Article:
It’s exciting that so many new people seem to be reading Awkward Things these days. If you are reading this, then you aren’t like one of those people who only come to learn why geeks make good lovers and, like guys who have something early to do tomorrow and, like, need to get going so they can get some sleep, scuttle away without so much as the approximation of a cuddle. Thanks for staying around to hold me.
See, right there. That was a little awkward, right? That’s pretty much how I roll on a regular basis. But if I wasn’t so awkward, I wouldn’t be able to have this awesome website, now, would I? Nope.
So, to help you learn to be awkward like me, I’ve created these four helpful tips:
- Lose any ability to tell how awkward you are being. Feel awkward about asking for the electronica section in a music store, but not awkward at all about telling a girl that you need more of her in your lifestyle. If you have literally no ability to predict in advance how awkward a situation is, you’ll be way more likely to have a ton of awkward conversations.
It’s like if you were, say, colorblind, and your fear of making fashion mistakes plus your legitimate innate inability to judge colors properly causes you to get dark uncoordinated untrendy clothes all the time, if not fully outsourcing the clothes purchasing decision to a seriously un-hip (in terms of young men’s fashion, but in other ways surprisingly hip) mother. Personally I don’t know anybody who would be in danger of that specific problem requiring some friends to stage a literal intervention culminating in an actual shopping trip to, say, Express, which apparently does indeed sell men’s clothing.
Anyway, it’s like that, although that example was 100% fabricated, naturally.
- Be scared of mundane interactions. This is how you get people to laugh at you while you’re ordering a pizza. Maybe normal people are able to confidently handle the myriad complications and ways to optimize information flow during the pizza ordering conversation, but the awkward person will not hesitate to be terrified that they’re going to somehow offend, confuse, or make a mistake when ordering a pizza. The resulting “I, uh, need to make an order to pick up” is apparently awkwardly hilarious enough to cause multiple people to independently burst into laughter.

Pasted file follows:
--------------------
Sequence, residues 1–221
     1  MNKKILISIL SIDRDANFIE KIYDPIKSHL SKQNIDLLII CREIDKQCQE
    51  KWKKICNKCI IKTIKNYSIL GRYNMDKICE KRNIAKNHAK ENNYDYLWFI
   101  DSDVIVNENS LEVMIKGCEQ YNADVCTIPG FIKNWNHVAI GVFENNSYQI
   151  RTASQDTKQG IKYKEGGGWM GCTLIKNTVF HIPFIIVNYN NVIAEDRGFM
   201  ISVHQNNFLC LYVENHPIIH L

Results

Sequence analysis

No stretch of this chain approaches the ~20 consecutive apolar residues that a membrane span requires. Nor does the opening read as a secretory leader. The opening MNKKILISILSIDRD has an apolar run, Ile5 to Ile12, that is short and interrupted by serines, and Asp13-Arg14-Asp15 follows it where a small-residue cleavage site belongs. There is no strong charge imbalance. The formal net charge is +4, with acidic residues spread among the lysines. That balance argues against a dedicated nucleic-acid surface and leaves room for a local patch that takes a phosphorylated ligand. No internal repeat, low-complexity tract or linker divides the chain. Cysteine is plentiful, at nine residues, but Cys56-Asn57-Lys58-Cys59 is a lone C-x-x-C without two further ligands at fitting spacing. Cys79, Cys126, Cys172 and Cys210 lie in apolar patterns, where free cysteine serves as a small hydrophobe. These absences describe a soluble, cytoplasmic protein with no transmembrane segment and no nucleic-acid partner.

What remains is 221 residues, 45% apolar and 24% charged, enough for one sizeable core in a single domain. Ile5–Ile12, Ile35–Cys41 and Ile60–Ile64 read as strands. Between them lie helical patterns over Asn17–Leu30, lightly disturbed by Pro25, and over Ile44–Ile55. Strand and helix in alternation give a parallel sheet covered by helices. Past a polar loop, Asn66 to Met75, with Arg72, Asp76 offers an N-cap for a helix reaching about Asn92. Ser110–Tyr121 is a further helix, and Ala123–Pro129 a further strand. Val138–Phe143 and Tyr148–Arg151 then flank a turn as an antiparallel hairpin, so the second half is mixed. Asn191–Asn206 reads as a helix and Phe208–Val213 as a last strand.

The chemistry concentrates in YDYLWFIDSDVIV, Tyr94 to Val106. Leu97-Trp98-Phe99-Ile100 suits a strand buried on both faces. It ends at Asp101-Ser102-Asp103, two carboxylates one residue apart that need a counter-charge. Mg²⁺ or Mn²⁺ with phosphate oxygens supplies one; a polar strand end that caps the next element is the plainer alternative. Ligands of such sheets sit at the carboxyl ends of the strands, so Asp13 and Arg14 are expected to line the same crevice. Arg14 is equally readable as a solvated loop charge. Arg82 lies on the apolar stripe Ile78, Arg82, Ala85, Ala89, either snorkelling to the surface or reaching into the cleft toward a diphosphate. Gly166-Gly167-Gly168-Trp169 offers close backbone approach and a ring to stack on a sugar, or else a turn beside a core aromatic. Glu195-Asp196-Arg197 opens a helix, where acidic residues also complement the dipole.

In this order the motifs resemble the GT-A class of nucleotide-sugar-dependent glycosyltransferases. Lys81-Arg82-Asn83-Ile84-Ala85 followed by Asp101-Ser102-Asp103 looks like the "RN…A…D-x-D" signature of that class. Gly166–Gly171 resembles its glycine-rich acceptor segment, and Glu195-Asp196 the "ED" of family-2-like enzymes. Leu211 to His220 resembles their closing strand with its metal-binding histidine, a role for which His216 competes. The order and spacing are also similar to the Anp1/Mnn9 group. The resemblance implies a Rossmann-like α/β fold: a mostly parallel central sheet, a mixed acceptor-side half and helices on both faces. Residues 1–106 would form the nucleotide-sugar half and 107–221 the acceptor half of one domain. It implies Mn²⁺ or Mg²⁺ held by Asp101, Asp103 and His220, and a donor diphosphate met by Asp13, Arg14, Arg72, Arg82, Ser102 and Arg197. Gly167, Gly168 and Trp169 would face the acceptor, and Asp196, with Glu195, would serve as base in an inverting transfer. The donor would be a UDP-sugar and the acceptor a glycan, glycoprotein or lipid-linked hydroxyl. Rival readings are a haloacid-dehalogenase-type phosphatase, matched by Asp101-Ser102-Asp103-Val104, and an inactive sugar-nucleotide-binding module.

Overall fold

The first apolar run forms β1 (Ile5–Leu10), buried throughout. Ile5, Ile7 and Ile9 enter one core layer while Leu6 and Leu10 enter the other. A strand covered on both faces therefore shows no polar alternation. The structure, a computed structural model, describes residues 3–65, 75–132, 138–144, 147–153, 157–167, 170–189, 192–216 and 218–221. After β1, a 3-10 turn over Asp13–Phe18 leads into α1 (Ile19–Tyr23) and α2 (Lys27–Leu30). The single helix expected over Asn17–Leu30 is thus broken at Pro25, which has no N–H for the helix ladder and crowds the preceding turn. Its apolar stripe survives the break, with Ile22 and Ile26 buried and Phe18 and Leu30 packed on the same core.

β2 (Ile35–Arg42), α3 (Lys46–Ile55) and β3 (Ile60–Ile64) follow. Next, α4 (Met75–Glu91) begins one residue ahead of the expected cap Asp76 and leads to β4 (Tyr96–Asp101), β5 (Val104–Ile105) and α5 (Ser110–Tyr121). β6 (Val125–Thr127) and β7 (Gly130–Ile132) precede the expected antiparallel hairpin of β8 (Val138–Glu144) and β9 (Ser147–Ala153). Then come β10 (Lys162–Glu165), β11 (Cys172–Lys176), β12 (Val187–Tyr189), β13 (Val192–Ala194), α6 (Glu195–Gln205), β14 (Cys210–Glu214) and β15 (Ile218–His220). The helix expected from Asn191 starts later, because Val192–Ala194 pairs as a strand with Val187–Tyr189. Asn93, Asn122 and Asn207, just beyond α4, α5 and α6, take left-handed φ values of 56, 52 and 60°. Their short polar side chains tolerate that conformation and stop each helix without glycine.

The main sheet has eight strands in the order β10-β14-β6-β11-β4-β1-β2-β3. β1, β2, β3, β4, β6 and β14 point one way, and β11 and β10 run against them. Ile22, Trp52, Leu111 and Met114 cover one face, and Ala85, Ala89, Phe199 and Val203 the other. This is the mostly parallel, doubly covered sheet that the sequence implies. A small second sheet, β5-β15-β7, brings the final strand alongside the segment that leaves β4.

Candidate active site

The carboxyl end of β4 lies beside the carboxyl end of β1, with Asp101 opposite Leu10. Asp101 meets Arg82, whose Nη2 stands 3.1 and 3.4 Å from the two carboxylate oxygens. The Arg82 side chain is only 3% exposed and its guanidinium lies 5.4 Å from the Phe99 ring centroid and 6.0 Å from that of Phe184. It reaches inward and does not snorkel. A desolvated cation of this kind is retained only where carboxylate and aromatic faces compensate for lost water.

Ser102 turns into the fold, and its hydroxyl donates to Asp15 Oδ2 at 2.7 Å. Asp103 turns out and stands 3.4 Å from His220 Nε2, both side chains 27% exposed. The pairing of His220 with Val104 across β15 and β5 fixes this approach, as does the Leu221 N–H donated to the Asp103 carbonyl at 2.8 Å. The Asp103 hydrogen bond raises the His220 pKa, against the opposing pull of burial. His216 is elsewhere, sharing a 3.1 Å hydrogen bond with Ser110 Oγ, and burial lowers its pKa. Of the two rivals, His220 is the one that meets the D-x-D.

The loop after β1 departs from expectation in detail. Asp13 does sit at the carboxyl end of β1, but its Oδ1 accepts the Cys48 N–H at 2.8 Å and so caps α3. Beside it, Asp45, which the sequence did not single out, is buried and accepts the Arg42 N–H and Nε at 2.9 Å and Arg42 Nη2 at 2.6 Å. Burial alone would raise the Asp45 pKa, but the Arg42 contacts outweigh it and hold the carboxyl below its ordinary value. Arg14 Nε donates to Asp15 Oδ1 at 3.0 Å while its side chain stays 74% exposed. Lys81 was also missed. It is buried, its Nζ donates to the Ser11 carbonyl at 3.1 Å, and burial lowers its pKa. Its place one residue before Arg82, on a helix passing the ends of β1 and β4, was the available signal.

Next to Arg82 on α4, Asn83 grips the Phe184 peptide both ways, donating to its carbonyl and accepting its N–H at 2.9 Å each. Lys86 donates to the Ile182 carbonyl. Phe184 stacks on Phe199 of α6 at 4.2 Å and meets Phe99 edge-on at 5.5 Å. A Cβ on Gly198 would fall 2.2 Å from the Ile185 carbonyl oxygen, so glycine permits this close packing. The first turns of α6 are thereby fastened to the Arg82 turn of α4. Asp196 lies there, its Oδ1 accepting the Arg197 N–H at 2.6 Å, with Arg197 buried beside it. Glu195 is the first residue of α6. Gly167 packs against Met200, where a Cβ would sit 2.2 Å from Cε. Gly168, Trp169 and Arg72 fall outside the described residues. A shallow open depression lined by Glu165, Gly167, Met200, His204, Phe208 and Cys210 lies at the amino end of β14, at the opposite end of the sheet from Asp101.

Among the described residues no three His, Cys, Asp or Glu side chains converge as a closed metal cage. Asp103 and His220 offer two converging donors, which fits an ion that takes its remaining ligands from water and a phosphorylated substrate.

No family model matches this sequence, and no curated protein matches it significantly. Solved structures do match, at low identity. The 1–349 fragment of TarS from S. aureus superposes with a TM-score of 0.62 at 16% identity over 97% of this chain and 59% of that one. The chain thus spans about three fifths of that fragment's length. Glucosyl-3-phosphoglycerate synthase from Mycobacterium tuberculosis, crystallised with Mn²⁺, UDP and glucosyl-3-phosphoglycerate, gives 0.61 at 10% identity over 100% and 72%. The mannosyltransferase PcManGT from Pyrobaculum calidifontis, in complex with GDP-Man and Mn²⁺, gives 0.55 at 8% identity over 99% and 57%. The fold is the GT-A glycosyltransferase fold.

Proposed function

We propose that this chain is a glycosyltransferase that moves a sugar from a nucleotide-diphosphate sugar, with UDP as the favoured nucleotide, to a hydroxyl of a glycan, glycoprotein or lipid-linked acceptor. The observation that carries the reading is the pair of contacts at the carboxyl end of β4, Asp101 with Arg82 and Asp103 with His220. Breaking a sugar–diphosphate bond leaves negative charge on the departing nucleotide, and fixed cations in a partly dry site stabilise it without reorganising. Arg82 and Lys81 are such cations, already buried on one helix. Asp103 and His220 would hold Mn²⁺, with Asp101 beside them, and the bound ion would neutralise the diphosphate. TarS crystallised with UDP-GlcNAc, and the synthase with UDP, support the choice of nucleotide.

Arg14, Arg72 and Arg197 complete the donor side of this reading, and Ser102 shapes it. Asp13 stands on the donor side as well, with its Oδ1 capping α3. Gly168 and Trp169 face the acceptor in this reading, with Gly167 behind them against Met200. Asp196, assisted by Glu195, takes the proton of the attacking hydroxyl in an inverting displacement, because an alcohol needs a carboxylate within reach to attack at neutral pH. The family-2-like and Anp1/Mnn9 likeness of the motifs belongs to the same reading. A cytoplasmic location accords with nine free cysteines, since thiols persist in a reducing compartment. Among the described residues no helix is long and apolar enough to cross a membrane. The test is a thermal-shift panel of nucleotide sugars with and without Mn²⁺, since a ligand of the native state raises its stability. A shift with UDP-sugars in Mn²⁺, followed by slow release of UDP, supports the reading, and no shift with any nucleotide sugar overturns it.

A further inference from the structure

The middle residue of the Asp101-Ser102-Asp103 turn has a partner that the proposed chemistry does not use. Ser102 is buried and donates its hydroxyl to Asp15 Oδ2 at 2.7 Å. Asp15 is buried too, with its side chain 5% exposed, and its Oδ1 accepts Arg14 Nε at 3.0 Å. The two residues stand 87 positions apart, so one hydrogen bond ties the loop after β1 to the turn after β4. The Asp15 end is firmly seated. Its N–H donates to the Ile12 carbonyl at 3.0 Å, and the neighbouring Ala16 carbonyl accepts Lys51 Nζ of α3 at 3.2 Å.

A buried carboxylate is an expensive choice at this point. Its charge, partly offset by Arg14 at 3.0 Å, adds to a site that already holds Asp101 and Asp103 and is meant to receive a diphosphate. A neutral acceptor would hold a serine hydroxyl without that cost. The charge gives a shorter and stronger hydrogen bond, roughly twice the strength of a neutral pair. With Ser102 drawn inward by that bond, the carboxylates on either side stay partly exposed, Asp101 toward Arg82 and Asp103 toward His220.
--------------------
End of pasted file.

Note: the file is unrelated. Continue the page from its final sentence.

I don’t see what’s funny, but then again, I apparently don’t know my own awkwardness.
- Screw up the timing. Try this exercise: take any perfectly normal joke. It could be the next witty thing you think to say in response to something someone else says. Now, instead of saying it right away, give everyone the opportunity to drift into the next thought. Maybe if you’re talking to a waitress, let her take one step away before you call your witty thing after her, like you’re giving advice to a kid getting onto a schoolbus.
“That’s why they call it a catfish!” you could say.
Except since the comic timing is totally unambiguously disrupted, she kind of only has the ability to look back at you with a half-forced smile and think, oh gosh, not one of those. Ugh.
And lastly . . .
- Start a website about the awkward things you say to girls.